This year’s Persist added a new component called Mentoring Cafe, where individuals can receive a speed-mentoring session with female leaders working within the public sector. Among the mentors were congressional staffer Monique Pierce, Glocally Connected Chairwoman of the Board Erin Edwards who is also currently running for Riverside City Council, CEO and Founder of Hidden Gems Enterprise Tonya Burke, and Senior Strategist for Los Angeles County Supervisor Sheila Kuehl, Torie Osborn.
During lunch, Jacqui Casillas from Planned Parenthood moderated a student activist panel. Biane Arias, a fourth-year political science and public service major, was one of the student activists who was part of the panel. “I attended (Persist 2017) because I was stuck,” began Arias. “I was motivated to improve myself professionally and empower women, but I didn’t know how to get started.” Arias attended Persist last year to hear the motivating words from the speakers and learn how to start her political career. At the conference, Arias met with a fellow from Ignite, a national non-partisan organization based in Oakland that encourages young women to engage in politics, who encouraged Arias and another student to co-found an Ignite chapter at UCR.
This year, Davis asked Arias to return to the conference and share her advice on what keeps her motivated to do her work in activism. The Persist conference is not only an opportunity for women to learn about politics but to help women like Arias become the changemakers they seek to be. “I feel (there are) a lot of young women (that were) like me last year that want to be involved and have the energy but don’t have the encouragement or know-how to get started,” explained Arias. “I think having an elected official speak to you and interact with you is a powerful thing. You are able to see yourself in that position when you hear their story and struggles.”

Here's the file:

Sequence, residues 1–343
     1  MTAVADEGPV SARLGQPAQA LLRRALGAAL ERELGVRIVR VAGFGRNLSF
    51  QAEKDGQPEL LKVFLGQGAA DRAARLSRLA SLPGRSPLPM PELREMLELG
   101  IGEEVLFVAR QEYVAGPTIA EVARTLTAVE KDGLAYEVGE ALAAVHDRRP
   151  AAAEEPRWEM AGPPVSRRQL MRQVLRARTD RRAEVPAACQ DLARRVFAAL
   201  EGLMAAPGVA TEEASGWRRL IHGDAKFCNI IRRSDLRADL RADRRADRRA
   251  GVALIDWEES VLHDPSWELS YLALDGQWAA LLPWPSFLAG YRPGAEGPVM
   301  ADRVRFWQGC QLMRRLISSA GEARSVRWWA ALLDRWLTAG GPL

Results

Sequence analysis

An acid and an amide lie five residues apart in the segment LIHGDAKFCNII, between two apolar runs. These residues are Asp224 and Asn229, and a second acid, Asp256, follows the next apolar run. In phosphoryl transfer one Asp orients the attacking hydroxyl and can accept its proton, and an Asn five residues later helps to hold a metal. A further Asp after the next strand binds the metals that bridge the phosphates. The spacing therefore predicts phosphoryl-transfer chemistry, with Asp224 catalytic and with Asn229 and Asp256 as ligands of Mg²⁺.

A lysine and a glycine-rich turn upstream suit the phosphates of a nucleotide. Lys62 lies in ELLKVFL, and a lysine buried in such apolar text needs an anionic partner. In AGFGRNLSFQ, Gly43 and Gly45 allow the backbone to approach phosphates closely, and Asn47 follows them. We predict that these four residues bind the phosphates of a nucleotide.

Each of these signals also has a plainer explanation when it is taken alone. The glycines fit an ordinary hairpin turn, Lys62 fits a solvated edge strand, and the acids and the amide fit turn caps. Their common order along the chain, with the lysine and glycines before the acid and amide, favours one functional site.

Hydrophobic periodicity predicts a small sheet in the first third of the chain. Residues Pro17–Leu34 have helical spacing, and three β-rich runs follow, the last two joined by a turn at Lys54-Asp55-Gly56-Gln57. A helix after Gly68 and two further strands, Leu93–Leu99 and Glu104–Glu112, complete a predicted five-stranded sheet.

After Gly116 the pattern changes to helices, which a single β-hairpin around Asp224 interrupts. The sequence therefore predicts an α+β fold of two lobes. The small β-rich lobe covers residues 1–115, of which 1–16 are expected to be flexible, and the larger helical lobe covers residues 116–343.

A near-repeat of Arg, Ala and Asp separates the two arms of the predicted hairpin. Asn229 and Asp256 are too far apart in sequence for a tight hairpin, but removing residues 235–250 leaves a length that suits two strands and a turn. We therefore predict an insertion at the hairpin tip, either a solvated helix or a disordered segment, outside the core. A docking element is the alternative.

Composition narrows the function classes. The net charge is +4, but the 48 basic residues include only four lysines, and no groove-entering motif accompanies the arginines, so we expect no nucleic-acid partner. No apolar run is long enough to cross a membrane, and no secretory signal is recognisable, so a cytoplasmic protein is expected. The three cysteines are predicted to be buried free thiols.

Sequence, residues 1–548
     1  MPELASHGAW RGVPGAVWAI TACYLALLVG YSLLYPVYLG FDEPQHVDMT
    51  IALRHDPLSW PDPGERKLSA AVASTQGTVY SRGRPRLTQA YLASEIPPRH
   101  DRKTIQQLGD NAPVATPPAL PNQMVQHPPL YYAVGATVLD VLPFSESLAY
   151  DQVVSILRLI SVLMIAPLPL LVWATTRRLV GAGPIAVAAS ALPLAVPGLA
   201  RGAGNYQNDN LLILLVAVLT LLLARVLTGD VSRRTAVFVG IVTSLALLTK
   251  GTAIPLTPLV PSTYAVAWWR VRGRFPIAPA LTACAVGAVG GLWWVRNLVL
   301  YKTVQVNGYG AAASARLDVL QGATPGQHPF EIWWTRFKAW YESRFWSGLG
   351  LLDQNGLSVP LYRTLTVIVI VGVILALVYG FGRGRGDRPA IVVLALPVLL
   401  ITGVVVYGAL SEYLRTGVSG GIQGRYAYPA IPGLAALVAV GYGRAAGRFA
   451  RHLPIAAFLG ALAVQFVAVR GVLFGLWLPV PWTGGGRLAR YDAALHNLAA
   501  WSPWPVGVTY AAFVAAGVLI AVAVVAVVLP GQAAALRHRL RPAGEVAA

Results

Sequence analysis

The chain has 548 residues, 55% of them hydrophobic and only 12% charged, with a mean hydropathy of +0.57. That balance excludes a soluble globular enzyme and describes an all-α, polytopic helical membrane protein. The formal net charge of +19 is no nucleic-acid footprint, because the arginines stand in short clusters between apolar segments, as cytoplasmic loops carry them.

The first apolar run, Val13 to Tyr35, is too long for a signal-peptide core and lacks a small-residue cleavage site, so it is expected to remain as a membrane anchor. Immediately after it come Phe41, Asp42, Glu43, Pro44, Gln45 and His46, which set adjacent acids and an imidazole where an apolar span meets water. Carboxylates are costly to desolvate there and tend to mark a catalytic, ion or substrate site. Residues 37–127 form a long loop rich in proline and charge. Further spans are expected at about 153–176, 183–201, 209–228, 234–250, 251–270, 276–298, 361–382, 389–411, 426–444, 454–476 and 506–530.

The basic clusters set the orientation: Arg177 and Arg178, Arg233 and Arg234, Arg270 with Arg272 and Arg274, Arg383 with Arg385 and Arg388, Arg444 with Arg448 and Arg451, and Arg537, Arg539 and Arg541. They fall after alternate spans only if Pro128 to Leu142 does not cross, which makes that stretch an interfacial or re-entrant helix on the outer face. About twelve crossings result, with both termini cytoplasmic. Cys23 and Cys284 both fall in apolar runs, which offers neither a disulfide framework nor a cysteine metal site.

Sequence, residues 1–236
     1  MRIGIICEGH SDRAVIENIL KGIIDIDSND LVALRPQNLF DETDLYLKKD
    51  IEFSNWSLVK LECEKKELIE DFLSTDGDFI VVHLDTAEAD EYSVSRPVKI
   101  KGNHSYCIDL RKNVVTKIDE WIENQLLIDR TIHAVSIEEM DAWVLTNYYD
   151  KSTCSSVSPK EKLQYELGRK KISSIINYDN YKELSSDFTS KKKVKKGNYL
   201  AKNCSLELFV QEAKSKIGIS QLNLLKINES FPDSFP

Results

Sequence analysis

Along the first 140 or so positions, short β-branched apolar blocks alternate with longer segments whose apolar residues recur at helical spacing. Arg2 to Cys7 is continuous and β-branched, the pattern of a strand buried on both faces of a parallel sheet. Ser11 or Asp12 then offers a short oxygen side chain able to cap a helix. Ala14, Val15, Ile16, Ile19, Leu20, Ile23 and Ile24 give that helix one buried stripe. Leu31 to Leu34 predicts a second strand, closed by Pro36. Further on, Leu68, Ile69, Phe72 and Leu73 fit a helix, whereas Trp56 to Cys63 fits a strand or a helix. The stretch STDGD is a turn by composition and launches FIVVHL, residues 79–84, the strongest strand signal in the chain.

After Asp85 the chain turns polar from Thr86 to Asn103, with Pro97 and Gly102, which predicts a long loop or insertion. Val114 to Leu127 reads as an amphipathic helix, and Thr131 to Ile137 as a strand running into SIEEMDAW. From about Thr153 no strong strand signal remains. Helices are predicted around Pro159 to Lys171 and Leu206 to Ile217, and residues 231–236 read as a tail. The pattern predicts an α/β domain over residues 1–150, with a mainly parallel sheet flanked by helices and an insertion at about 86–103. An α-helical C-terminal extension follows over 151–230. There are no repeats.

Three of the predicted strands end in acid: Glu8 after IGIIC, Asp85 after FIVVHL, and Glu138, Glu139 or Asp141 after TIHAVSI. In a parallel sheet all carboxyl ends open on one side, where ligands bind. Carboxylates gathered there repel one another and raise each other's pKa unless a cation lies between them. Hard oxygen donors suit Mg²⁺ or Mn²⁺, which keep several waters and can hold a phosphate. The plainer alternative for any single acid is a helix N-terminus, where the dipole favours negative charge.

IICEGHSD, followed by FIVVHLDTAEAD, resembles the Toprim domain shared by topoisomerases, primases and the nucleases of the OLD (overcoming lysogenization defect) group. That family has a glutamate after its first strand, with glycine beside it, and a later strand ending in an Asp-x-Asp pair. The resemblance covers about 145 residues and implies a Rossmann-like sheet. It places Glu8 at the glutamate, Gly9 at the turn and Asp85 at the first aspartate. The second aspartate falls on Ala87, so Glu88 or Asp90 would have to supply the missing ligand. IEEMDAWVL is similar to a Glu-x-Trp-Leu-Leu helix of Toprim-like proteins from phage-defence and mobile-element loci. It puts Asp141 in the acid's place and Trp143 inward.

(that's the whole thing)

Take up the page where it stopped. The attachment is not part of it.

The latter part of the conference was spent with breakout sessions that covered a variety of different aspects of political involvement.
Erika Lara, a third-year transfer student and anthropology major, was a volunteer at Persist. Throughout the conference, Lara found time to attend one of the breakout sessions, “Palm Springs City Council: LGBTQ Representation in Politics.” In the session, council members Christy Holstege and Lisa Middleton, who identify as part of the LGBTQ community, spoke about their experiences being a part of the first city council in California made up entirely of LGBTQ members. “Hearing their perspectives as women and as a trans woman was really interesting,” commented Lara.
While 2018 has been referred to by journalists as the Year of the Woman due to the increase of women running for office, women still have many challenges to overcome.
According to the Center for American Women and Politics, women make up less than 26 percent of local, state and federal government. In terms of women’s representation in state government, California ranks 25th in the nation. In the US Congress, out of the 170 women, only 38 are women of color. In the Riverside City Council, there is not a single councilwoman.
“Persist 2017 was the first event of its kind in the Inland Empire region,” began Davis. “We remain the only event in this area that focuses primarily on furthering women’s political engagement and participation. Women of color and the LGBTQ community are tremendously underrepresented at every level of government, so UCR provides an ideal setting to get more of these minoritized communities engaged and connected to resources to help them lead.”